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Captain's Fury: Book Four of the Codex Alera
Jim Butcher
Read by Kate Reading
Penguin Audio, 20.5 Hours

Captain's Fury
Jim Butcher
A martial arts enthusiast whose resume includes a long list of skills rendered obsolete at least two hundred years ago, Jim Butcher turned to writing as a career because anything else probably would have driven him insane. He lives with his wife, his son and a ferocious guard dog.

The Jim Butcher Fan Attic
ISFDB Bibliography
SF Site Review: White Night
SF Site Review: Proven Guilty
SF Site Review: Dead Beat
SF Site Review: Blood Rites
SF Site Interview: Jim Butcher
SF Site Review: Death Masks
SF Site Review: Grave Peril
SF Site Review: Fool Moon
SF Site Review: Storm Front

Past Feature Reviews
A review by Gil T. Wilson

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Jim Butcher has created a Lord of the Rings series for today's generation. The Codex Alera series takes place in a mythical/mystical land called Alera. The Alerans are humans who have a special ability known as fury crafting. In fury crafting the Alerans manifest the spirits of the elements to create magic and maintain life. From simple fury lamps, which use fire furies to provide light, to earth furies which can create shelter and gain extra strength in battle, all Alerans control their elements. All Alerans except for Tavi (a.k.a.Gaius Octavian/Captain Rufus Scipio). Tavi is forced to live with his "disability" by using his wits. Later in the series (about book 3) Tavi learns some limited fury crafting, but nowhere near the abilities of the regular Alerans.

Before we get into the meat of this review, let me say I may be a little biased due me being a huge fan of Jim Butcher's Dresden Files books. I love his characterizations in those books and have declared myself an official Jim Butcher fanboy. Although I would have preferred to read the Codex Alera books in order, the opportunity to review this series began with Book Four, so I did some quick research and got the gist of the series to prepare myself. In retrospect the research helped, but I didn't really need it. Butcher moves the story forward, but when needed, he recaps what has happened enough to keep the reader in the know. Yet, he leaves out enough information from the previous books that you want to go back and read what you missed, which I will.

In this book Tavi's mysterious origin is discovered. It seems Tavi has more in store for his future than simply being a captain of the First Aleran Legion. The book is a pivot in which Tavi begins his transformation, as do many other characters in the series. The beginning of this story finds Tavi in charge of an attack on the raiding Canim, a race of wolf-like humanoids that have invaded Alera by crossing the sea. It turns out not to be an invasion, but rather an escape from a force that is also a threat to the Alerans.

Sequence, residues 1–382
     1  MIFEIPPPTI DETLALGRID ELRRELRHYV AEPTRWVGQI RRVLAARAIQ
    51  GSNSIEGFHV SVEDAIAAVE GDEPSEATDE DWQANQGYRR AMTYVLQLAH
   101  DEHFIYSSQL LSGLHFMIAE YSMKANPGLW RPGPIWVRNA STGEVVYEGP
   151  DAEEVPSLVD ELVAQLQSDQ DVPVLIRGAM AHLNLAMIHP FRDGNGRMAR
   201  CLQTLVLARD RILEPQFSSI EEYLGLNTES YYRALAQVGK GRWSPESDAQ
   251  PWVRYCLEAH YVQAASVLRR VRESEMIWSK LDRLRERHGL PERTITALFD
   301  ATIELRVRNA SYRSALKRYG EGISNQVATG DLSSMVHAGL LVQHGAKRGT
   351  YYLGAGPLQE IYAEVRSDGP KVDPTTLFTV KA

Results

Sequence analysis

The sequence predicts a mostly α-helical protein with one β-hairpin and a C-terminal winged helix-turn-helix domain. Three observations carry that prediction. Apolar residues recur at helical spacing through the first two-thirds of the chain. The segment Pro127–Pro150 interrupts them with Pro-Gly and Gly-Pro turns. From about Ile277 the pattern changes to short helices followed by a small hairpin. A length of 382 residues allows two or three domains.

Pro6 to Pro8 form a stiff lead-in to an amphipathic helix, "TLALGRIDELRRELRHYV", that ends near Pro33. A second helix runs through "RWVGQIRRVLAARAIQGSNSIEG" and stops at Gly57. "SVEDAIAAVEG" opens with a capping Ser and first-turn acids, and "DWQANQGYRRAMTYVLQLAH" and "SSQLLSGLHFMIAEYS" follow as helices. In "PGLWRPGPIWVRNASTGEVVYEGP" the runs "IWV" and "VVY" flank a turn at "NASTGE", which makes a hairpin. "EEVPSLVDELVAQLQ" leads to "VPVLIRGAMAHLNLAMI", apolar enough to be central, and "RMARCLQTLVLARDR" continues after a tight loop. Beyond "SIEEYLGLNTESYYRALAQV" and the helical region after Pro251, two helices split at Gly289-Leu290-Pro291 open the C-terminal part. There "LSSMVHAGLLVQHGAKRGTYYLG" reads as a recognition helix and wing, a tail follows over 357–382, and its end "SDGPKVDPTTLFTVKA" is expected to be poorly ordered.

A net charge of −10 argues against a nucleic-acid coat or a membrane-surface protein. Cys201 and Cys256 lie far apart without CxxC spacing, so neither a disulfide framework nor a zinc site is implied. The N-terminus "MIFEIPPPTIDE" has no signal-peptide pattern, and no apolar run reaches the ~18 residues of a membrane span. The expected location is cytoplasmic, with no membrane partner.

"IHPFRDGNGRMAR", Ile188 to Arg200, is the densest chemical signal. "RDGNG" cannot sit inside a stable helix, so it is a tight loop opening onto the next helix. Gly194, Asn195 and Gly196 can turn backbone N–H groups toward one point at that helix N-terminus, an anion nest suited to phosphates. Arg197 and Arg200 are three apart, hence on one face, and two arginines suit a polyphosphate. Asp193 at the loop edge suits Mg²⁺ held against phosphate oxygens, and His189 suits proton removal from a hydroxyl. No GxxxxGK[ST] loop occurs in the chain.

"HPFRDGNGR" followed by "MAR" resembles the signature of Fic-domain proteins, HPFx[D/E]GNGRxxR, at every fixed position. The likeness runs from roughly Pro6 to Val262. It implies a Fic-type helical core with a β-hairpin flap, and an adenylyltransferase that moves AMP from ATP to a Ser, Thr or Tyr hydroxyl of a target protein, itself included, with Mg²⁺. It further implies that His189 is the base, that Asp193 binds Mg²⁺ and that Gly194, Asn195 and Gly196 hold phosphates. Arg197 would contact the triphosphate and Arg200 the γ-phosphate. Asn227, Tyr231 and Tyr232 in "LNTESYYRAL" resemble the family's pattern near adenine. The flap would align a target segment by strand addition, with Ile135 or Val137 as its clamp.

One of the reasons I compare this book to The Lord of the Rings is that it is part of an ongoing series with mythical creatures that are battling separate wars but you can tell a central battle between good and evil is forthcoming. Also, the book covers characters that start out with one central mission and branch out into several side but related missions. And from what I can see, they will be regrouping to fight the main battle. However, Codex Alera has already gone beyond Tolkien's three volumes as Butcher completes his fourth book, with more to come. And finally, to justify my comparison, Butcher's writing is not only fun and adventurous but also has a great literary feel that could easily be studied by scholars for years to come.

On a final note, another interesting aspect is the constant references to the Roman Empire with the use of words like Legionare, Legion, patriserus, and other such terms. The names of many characters are Latin styled, such as Maximus, Gaius, etc. Butcher had this to say about his fascination with the Romans, "There's plenty of Lost Roman Legion stories out there. Mostly, the stories are about where they went, and what they did when they got there. This one just happens to be about the world they got lost on, and the society that developed there over the next couple of thousand years."

I'm glad I started this series with an audiobook because this work was so well done by Kate Reading. (I think her last name is very fitting, but I should say it's pronounced RED-ing.) There are many characters throughout this book and series, and Reading uses subtle changes in her voicing of the different characters to make them really stand out. Another appealing aspect of her reading is her portrayal of emotions of the characters and the excitement of the action. The emotions and excitement are subtle enough for the listener to still maintain their own interpretations but also vivid enough to capture the mood created by the author. So do yourself a favor and pick up the audio production of Captain's Fury, by Jim Butcher, and jump ahead into the Aleran world. Good news comes via Jim Butcher's website that the previous books will be released soon in audiobook format, so you can go back and listen to the history of Tavi from the beginning.

Copyright © 2008 Gil T. Wilson

Gil T. has spent a quarter of a century working in radio and has lots of spare time on his hands and reading or listening to books takes up all that time. Check out his blog to find out what he's up to at any given moment.


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